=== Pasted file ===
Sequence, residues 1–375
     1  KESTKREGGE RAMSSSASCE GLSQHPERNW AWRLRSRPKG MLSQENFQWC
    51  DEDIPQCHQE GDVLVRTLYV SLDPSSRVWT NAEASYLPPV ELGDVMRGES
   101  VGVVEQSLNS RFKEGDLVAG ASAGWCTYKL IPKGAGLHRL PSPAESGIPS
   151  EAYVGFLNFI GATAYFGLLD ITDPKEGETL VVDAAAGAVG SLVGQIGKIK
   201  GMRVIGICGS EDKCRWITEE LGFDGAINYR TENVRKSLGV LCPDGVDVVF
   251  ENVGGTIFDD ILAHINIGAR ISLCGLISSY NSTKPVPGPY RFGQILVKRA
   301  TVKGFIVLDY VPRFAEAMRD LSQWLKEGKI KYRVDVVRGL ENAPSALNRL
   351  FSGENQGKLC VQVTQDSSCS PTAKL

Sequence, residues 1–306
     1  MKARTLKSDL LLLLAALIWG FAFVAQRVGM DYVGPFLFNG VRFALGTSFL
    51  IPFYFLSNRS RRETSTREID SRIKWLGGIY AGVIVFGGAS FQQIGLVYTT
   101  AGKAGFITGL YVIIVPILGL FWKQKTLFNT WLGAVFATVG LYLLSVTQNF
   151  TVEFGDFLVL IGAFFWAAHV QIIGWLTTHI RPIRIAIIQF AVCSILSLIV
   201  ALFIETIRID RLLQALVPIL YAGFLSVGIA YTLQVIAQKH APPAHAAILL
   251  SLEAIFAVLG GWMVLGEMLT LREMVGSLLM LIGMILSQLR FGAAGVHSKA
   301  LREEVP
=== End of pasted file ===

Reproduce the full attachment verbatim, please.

Sequence, residues 1–375
     1  KESTKREGGE RAMSSSASCE GLSQHPERNW AWRLRSRPKG MLSQENFQWC
    51  DEDIPQCHQE GDVLVRTLYV SLDPSSRVWT NAEASYLPPV ELGDVMRGES
   101  VGVVEQSLNS RFKEGDLVAG ASAGWCTYKL IPKGAGLHRL PSPAESGIPS
   151  EAYVGFLNFI GATAYFGLLD ITDPKEGETL VVDAAAGAVG SLVGQIGKIK
   201  GMRVIGICGS EDKCRWITEE LGFDGAINYR TENVRKSLGV LCPDGVDVVF
   251  ENVGGTIFDD ILAHINIGAR ISLCGLISSY NSTKPVPGPY RFGQILVKRA
   301  TVKGFIVLDY VPRFAEAMRD LSQWLKEGKI KYRVDVVRGL ENAPSALNRL
   351  FSGENQGKLC VQVTQDSSCS PTAKL

Sequence, residues 1–306
     1  MKARTLKSDL LLLLAALIWG FAFVAQRVGM DYVGPFLFNG VRFALGTSFL
    51  IPFYFLSNRS RRETSTREID SRIKWLGGIY AGVIVFGGAS FQQIGLVYTT
   101  AGKAGFITGL YVIIVPILGL FWKQKTLFNT WLGAVFATVG LYLLSVTQNF
   151  TVEFGDFLVL IGAFFWAAHV QIIGWLTTHI RPIRIAIIQF AVCSILSLIV
   201  ALFIETIRID RLLQALVPIL YAGFLSVGIA YTLQVIAQKH APPAHAAILL
   251  SLEAIFAVLG GWMVLGEMLT LREMVGSLLM LIGMILSQLR FGAAGVHSKA
   301  LREEVP